The European Food Safety Authority has launched an investigation to re-evaluate the safety of all authorised food additives, with colours the first ingredients under review.
The study, which is expected to be completed next year, could lead to any colour found unsafe being withdrawn, said EFSA.
The authority has called for the industry to supply data on food colours as part of the re-evaluation.
Among the colours under review are the infamous tartrazine (E102), brilliant blue FCF (E110) and sunset yellow (E133), which some experts have linked to hyperactivity in children, asthma, migraines and certain rashes. Also in the spotlight is cochineal (E120), a red dye obtained by crushing beetles.
The outcome of the survey is being anxiously awaited by manufacturers. The difficulty such a ban could pose is illustrated by the decision by Nestlé to axe blue Smarties last June, following a move to all-natural additives for the product. The company was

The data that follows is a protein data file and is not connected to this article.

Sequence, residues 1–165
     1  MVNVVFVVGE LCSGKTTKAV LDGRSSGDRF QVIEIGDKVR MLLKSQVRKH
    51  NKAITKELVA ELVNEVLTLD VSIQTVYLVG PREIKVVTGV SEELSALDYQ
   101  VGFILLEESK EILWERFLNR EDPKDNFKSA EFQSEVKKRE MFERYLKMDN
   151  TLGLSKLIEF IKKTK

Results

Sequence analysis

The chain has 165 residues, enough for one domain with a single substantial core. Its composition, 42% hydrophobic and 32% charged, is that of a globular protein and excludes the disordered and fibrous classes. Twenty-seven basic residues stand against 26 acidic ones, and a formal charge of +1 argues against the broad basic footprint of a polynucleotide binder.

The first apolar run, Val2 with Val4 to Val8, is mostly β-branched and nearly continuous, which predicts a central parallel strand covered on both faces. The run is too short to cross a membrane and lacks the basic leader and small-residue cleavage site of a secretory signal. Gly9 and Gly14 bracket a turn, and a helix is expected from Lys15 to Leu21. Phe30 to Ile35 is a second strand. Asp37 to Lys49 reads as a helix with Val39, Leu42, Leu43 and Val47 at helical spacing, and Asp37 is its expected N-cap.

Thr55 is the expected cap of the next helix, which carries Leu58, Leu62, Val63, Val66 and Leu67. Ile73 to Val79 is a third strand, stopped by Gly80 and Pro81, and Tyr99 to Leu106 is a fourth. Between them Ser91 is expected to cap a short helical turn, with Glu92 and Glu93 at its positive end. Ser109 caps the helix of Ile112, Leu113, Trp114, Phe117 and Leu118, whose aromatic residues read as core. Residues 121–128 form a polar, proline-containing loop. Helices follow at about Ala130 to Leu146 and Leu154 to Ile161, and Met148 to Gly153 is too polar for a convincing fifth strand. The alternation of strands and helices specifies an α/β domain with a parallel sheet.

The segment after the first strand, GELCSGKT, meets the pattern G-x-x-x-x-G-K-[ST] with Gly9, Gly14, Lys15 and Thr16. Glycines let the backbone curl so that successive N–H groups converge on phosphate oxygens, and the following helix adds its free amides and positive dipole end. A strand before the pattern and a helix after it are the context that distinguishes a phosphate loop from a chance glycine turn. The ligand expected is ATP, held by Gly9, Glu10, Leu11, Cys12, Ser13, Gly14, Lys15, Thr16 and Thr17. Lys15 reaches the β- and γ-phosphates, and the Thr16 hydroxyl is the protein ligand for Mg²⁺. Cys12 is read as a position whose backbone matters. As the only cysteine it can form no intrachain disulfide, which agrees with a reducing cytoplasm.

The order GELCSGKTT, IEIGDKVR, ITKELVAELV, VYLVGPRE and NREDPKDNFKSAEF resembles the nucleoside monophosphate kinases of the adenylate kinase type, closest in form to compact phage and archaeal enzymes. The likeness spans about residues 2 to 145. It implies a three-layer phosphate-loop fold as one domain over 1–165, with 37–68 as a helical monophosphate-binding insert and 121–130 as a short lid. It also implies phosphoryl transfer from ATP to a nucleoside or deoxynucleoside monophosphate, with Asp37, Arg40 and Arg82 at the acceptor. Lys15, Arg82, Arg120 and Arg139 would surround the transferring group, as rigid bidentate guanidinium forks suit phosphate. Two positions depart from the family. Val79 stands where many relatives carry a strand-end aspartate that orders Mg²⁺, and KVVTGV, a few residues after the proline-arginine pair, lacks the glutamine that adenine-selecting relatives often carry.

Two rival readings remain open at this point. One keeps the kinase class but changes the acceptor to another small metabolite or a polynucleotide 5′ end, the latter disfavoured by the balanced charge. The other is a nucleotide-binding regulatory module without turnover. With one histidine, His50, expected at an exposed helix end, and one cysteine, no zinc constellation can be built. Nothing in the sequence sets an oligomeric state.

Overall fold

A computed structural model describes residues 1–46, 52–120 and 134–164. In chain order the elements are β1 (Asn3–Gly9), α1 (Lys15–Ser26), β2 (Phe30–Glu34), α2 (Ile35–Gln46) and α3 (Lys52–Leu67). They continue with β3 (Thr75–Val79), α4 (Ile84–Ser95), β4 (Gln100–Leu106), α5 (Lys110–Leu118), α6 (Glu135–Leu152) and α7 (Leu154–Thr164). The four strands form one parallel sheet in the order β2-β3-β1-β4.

unable to find a natural alternative to the artificial brilliant blue.
"If there was a ban on any colours being used in products, then there could be serious cost implications for the industry in implementing it, although we hope it wouldn't go as far as actual products being withdrawn," said a source within the Food and Drink Federation.
"We will be working at European level to establish a workable mechanism for the collection of relevant data in support of the continued use of current food additive applications."
The Food Standards Agency confirmed the European Commission could "delete" any colours considered unsafe by EFSA.
A three-year survey of the impact on children of additives such as sunset yellow and tartrazine had shown that children tested were better behaved when the substances were removed from their diet, said an FSA spokeswoman.
But independent experts stated this evidence was not conclusive, she said, adding: "The agency is considering how to take forward further research in this area."